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Vatican distributes notes on cleaning, protecting church objects


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VATICAN CITY (CNS) -- To help prevent damaging artistic and historically significant objects, the Pontifical Council for Culture released suggestions for cleaning and disinfecting church buildings, furnishings and sacred objects.

And under no circumstances, it said, should a painting or historical document be disinfected.

In a statement published on its website May 20, the council said it distributed the guidelines after some reports that "the necessary disinfection of areas, vestments and sacred vessels for worship has been carried out in some cases using detergents that are not suitable for objects of art and cultural heritage."

The document, it said, was "drawn up not by the Pontifical Council for Culture, but shared by it. It offers simple indications to avoid causing irreversible damage to the most precious and delicate objects present in our churches."

The pontifical council also recommended "that priests or those in charge of the churches make contact with the cultural heritage specialists in their diocese or competent civil authorities, especially in the most delicate cases."

The guidelines detail specific instructions for antique furniture, sacred vessels, liturgical garments, as well as the disinfection of church buildings, offices, floors, pavements and other objects, such as handrails, doorknobs and benches.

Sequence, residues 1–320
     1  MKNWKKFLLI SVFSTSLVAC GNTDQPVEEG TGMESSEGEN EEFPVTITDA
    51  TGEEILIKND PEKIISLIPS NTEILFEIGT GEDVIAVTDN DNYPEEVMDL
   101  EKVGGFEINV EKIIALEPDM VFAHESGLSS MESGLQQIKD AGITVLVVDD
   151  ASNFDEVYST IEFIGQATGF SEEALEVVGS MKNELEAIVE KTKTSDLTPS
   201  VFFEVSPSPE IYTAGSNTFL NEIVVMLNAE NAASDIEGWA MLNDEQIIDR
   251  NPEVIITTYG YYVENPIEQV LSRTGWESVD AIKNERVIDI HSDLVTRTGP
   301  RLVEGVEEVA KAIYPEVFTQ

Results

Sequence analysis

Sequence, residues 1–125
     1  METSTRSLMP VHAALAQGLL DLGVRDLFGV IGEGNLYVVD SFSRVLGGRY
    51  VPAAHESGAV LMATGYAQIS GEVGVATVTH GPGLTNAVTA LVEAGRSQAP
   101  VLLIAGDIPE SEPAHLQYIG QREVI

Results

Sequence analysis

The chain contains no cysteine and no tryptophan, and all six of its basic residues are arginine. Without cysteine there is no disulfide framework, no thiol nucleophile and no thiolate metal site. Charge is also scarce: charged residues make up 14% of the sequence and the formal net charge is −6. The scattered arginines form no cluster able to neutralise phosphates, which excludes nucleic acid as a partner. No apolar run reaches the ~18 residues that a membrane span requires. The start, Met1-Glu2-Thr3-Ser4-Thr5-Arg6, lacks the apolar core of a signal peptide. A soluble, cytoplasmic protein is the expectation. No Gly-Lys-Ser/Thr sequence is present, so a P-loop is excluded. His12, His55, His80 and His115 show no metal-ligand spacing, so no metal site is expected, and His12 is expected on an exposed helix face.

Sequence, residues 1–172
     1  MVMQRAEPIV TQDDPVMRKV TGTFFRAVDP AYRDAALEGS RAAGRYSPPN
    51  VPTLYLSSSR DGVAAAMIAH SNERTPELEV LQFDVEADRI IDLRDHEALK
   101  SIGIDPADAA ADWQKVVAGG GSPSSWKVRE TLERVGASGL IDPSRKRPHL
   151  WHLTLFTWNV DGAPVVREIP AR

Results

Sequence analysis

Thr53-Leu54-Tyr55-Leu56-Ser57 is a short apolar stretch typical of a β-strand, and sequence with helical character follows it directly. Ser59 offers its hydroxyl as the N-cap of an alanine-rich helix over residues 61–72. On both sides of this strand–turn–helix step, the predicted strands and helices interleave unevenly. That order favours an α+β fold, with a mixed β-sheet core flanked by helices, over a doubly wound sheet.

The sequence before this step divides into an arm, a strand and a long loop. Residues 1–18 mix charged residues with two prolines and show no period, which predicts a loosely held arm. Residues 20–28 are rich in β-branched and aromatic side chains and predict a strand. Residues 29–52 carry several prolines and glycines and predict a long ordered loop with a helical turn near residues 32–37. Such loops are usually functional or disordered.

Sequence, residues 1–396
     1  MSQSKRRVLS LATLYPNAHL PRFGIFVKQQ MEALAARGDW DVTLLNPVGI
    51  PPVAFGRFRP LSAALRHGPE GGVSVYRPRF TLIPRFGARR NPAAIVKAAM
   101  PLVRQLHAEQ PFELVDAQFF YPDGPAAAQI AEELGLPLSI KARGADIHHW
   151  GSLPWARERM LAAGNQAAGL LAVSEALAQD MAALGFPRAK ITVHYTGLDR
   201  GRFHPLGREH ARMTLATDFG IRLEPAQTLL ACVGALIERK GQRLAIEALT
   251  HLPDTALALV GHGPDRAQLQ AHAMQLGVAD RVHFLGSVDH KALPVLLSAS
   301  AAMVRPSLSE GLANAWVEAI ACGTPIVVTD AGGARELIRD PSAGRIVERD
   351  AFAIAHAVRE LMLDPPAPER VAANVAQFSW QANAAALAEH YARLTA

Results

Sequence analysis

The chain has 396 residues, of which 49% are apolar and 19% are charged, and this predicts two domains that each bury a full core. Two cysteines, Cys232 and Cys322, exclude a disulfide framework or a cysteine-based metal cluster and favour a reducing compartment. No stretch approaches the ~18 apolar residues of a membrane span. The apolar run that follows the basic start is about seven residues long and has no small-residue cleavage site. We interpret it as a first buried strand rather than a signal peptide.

According to the guidelines, using corrosive products such as bleach, ammonia and detergents can leave "harmful residues" and "should not be used on monumental complexes, historical buildings, archaeological sites, objects, movable heritage, fabrics, embroidery, etc."

Instead, the norms advise the use of "diluted hydro-alcoholic solutions or neutral soaps," and to follow the recommendations of health authorities and the guidance of competent technicians.

"We must not forget that cultural heritage is a nonrenewable asset, and therefore every action that may affect its state of conservation must be properly known, assessed, documented and agreed upon with experts," the guidelines stated.

However, it said, if items prove too delicate for disinfectant products, the most appropriate means to prevent the spread of viruses "would always be to isolate them for periods of time that vary from 9 to 14 days, according to the indications of virologists. But above all and most importantly, common sense must prevail."

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